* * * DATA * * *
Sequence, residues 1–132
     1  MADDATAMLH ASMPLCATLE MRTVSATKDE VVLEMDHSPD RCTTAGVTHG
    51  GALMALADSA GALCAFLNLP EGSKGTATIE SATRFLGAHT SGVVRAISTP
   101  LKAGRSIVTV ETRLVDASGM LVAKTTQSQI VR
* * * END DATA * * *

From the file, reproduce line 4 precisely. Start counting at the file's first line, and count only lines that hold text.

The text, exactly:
   101  LKAGRSIVTV ETRLVDASGM LVAKTTQSQI VR